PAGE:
In the clearest signal yet that the PBOC is drawing a "red line" to further currency devaluation, moments ago the PBOC announced it is raising the reserve requirement for FX forwards to 20%.
As the PBOC notes, "due to factors such as trade frictions and changes in international exchange markets, there have been some signs of procyclical fluctuations in the foreign exchange market." As a result, the move is "aimed at preventing macro financial risks" with the central bank adding that it will "take counter cyclical measures to keep FX markets basically stable based on market conditions." The new forward foreign FX risk reserve requirement will become effective as of Aug. 6th.
Stated much simpler, what the PBOC is doing is nuking Yuan shorts and forcing a marketwide FX short squeeze.
Commenting on the move, Nomura's x-asset strategist Charlie McElligott said that when this action from the PBoC was previously enacted back in Oct ‘15, the market interpretation was that this shift was "…seen as an effort to restrict dollar purchases when the yuan is weakening." So here we go again, “REVERSE ENGINES.”
Reuters is also reporting further “interventionary” commentary from the PBoC regarding willingness to take further “counter-cyclical” measures to stabilize FX markets.
"In the even-larger macro-sense, this is unambiguously a relief trade for risk-assets via the powerful “weakening USD” impact it can have—ESPECIALLY Emerging Markets and Commodities, which have again recently traded VERY sloppy" according to McElligott, who adds that "we see S&P futures rallying powerfully, as “stronger USD” has been a pure “tightening” of financial conditions."
The Nomura strategist accurately concludes that "the PBoC just “eased” U.S. financial conditions."
And sure enough, as the Yuan slides, S&P futures are surging.
Full statement below (google translated):
The People's Bank of China decided to adjust the foreign exchange risk reserve ratio of the forward sales business to 20%.
Since the beginning of this year, the foreign exchange market has been operating steadily. The RMB exchange rate has been based on market supply and demand. There has been a rise in the market, the flexibility has been significantly enhanced, the market expectation has been basically stable, and cross-border capital flows and foreign exchange supply and demand have been generally balanced. Recently, due to factors such as trade frictions and changes in international exchange markets, there have been some signs of procyclical fluctuations in the foreign exchange market. In order to prevent macro financial risks, promote the stable operation of financial institutions, and strengthen macro-prudential management, the People's Bank of China decided to adjust the foreign exchange risk reserve ratio of forward sales from 0 to 20% from August 6, 2018. In the next step, the People's Bank of China will continue to strengthen the monitoring of the foreign exchange market. According to the development of the situation, it will take effective measures to carry out countercyclical adjustments, maintain the smooth operation of the foreign exchange market, and maintain the basic stability of the RMB exchange rate at a reasonable and balanced level.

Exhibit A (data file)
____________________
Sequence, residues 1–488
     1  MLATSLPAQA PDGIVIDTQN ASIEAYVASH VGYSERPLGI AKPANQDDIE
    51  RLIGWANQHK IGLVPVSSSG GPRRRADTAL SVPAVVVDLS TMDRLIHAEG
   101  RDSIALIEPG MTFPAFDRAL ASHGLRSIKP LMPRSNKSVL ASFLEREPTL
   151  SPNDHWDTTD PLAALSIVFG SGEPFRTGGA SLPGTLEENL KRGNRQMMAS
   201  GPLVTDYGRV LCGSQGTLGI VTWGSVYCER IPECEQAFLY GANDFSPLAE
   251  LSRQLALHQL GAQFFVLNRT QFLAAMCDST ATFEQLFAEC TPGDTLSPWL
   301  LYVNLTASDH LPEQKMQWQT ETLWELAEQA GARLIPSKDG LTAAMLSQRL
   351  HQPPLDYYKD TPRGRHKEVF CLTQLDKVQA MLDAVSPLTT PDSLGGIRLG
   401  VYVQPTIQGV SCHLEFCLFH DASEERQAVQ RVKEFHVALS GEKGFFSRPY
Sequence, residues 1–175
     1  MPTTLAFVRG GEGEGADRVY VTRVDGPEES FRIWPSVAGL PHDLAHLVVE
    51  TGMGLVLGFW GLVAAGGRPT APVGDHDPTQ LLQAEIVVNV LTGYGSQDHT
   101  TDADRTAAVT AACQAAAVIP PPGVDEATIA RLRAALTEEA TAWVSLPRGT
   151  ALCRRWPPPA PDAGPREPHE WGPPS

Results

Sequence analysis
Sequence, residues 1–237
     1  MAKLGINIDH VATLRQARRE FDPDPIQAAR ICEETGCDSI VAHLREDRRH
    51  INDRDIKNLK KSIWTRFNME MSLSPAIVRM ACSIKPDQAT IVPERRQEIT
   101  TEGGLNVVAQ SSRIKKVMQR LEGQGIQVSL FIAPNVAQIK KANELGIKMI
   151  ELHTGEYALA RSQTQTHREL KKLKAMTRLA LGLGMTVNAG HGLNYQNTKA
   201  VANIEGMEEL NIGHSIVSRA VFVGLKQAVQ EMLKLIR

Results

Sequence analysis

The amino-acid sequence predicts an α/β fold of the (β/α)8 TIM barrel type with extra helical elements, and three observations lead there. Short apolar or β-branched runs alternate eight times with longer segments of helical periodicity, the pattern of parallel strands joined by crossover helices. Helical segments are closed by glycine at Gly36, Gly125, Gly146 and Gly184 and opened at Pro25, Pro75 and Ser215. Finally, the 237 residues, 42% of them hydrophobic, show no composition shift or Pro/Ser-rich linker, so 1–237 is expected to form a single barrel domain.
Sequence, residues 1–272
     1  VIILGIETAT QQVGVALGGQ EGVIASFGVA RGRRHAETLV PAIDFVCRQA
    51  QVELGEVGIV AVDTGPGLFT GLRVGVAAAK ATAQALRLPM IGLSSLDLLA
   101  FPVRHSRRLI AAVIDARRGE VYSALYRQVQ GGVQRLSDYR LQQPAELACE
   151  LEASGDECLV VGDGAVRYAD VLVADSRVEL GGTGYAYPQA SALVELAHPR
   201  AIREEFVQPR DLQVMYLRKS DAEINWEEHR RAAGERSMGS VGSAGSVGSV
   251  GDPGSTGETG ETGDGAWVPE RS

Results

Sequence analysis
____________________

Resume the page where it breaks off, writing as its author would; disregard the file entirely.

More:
Today's move is a mirror image of what the PBOC announced on September 8, 2017 when the Yuan tumbled after the PBOC cut its FX reserve requirement from 20% to 0%, sending the Yuan tumbling after the currency had hit its highest level in years. Back then, the offshore Yuan tumbled from 6.45 to below 6.51 in hours...
Obviously the reversal of this move would have just as dramatic a move in the opposite direction, and sure enough, after hitting a one year low of 6.91 against the dollar, the CNH has surged massively, rising as high as 6.825 before finding some support.
And yet, as some traders already noted, there will be a cost to China in terms of the impact of what is effectively policy tightening will have on domestic liquidity. Specifically, as Citi notes, "the local economy and asset markets will struggle to cope with that and it is not a sustainable policy."
And while Trump may be content that for now, at least, the PBOC has finally drawn a real line in the sand for further devaluation, he will be double happy that China no longer will permit Yuan devaluation as a currency war response to rising tariffs, effectively handing Trump leverage in the trade war, if only for the time being.